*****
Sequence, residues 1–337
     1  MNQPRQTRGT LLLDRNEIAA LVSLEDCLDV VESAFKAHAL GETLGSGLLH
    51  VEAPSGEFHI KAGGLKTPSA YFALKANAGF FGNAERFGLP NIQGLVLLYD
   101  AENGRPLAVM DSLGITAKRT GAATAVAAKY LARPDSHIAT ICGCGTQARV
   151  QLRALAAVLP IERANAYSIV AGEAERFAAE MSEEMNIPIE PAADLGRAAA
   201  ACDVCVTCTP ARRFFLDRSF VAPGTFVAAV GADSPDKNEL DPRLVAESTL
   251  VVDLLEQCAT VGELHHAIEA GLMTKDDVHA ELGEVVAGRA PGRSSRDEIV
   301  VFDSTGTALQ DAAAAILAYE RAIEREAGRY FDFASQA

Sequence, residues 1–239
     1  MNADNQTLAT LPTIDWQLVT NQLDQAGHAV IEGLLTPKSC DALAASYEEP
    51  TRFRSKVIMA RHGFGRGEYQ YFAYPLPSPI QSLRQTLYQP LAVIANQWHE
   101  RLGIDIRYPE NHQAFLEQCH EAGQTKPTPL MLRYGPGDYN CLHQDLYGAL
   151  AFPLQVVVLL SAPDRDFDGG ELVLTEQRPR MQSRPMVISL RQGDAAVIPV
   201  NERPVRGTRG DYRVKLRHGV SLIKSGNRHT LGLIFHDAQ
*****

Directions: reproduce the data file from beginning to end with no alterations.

Sequence, residues 1–337
     1  MNQPRQTRGT LLLDRNEIAA LVSLEDCLDV VESAFKAHAL GETLGSGLLH
    51  VEAPSGEFHI KAGGLKTPSA YFALKANAGF FGNAERFGLP NIQGLVLLYD
   101  AENGRPLAVM DSLGITAKRT GAATAVAAKY LARPDSHIAT ICGCGTQARV
   151  QLRALAAVLP IERANAYSIV AGEAERFAAE MSEEMNIPIE PAADLGRAAA
   201  ACDVCVTCTP ARRFFLDRSF VAPGTFVAAV GADSPDKNEL DPRLVAESTL
   251  VVDLLEQCAT VGELHHAIEA GLMTKDDVHA ELGEVVAGRA PGRSSRDEIV
   301  VFDSTGTALQ DAAAAILAYE RAIEREAGRY FDFASQA

Sequence, residues 1–239
     1  MNADNQTLAT LPTIDWQLVT NQLDQAGHAV IEGLLTPKSC DALAASYEEP
    51  TRFRSKVIMA RHGFGRGEYQ YFAYPLPSPI QSLRQTLYQP LAVIANQWHE
   101  RLGIDIRYPE NHQAFLEQCH EAGQTKPTPL MLRYGPGDYN CLHQDLYGAL
   151  AFPLQVVVLL SAPDRDFDGG ELVLTEQRPR MQSRPMVISL RQGDAAVIPV
   201  NERPVRGTRG DYRVKLRHGV SLIKSGNRHT LGLIFHDAQ